Opinion: Is Norway really a “big winner” in this energy crisis?

OilPhoto: Zbynek Burival / Unsplash
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As energy prices have soared worldwide, especially since the Russian invasion of Ukraine, many European governments are struggling with both rampant inflation and the procurement of energy supplies. Not so for Norway which, as a net energy exporter, has financially benefited from record oil prices and seen unprecedented levels of exports. However, will this short-term gain come at the expense of a longer-term “green transition”?

Russian invasion of Ukraine latest chapter in Europe’s energy crisis

The Russian invasion of Ukraine – which saw the oil price reach record highs – is just the latest chapter in an energy crisis that has dogged Europe, and Norway, for over a year. Economic sanctions imposed on Russia, from the European Union, the United States, and other Western countries, have affected the global economy even though Russian exports account for approximately 10% of global supply. Add to this the almost impossible export of Ukraine’s huge bounty of natural resources (especially wheat and various minerals) and the world is seeing often rampant inflation for everything from petrol to bread.

Closer to home, Norway has been experiencing record-high energy prices even before any Russian soldiers stepped foot on Ukrainian soil. Electricity prices were a major issue during the 2020 Storting elections and the Støre government has stepped in to provide financial relief for most Norwegian households grappling with historically high power bills. The situation in Ukraine has also impacted Norwegian consumers though mainly through price hikes for petrol.

Cashing in on an “energy crisis”?

Yet for the Norwegian government, the so-called “European Energy Crisis” is anything but. Over the past year, even before a Russian soldier set foot on Ukrainian soil, Norway’s huge reserves of oil and natural gas have seen the good times keep on rolling for both the Norwegian economy and state.

Trade surpluses for both January 2022 (NOK 91.8 billion) and February 2022 (84.2 billion) were at almost record highs fuelled by strong export growth. In fact, total exports for February 2022 totaled NOK 154.2 billion, almost doubling from the same month a year before. Natural gas has been in high demand, especially in Europe after the Russian invasion of Ukraine, of which Norway exported NOK 67.5 billion worth. Norway’s vast offshore oil reserves have also provided ample cash with February seeing 1.793 million barrels of crude oil being exported, totaling NOK 35.3 billion.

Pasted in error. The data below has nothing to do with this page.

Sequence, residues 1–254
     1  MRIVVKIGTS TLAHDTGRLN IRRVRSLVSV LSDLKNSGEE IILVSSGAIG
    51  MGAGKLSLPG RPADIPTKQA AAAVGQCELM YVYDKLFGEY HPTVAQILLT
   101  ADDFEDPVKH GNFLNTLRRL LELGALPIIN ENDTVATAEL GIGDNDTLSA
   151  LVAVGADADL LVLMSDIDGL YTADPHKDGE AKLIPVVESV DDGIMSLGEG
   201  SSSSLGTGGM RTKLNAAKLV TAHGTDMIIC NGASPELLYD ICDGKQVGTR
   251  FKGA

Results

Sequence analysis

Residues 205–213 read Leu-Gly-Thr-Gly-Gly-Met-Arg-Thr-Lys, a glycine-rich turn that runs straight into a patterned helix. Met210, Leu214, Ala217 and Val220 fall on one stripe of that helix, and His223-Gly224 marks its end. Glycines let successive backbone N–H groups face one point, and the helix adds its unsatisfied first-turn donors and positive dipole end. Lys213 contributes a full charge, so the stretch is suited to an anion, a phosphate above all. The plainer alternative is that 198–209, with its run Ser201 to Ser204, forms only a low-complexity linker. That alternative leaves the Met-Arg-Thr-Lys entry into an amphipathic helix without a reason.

Nordea has estimated that total oil and natural gas exports for this year will surpass NOK 900 billion! So whilst other European states have started to see cracks in their economy, fuelled by a lack of fuel, high power prices, and inflation, Norway’s natural gas and oil exports have seen an economic boom that has seen a current unemployment rate of 3.2%.

Oil field
Photo: Marit Hommedal / NTB

The Oil Fund and the energy debate

So given that Norway has cash to splash, what has it been doing? It should be noted that whatever the government actually spends from oil revenues is not the full amount. Before a single krone is spent, revenues flow into the transgenerational “Oil Fund.” As of the end of 2021, the fund had earned more than NOK 1.580 billion for the year making it’s worth a behemoth NOK 12.3 trillion (or over USD 1.35 trillion – about the size of the Australian economy).

Though technically not a part of the government, the fund can indeed influence government policy and has spoken recently about trying to divest from Russia and also redirect investment (somewhat paradoxically) away from natural resources (like oil) to “greener” investments.

Other than saving for a rainy day (or future generations), revenues have helped to subsidize record electricity prices for the Norwegian market. There has been fierce debate in Norway as to how a net energy exporter can simultaneously have some of the world’s highest prices for electricity. Three new power cables – one to the United Kingdom, one to the Netherlands, and one to Germany – have been used to export vastly more electricity than to import. A focus on energy exports rather than providing for Norwegians first has seen a fierce debate about Norway and energy rage in political circles and broader society for the best part of a year.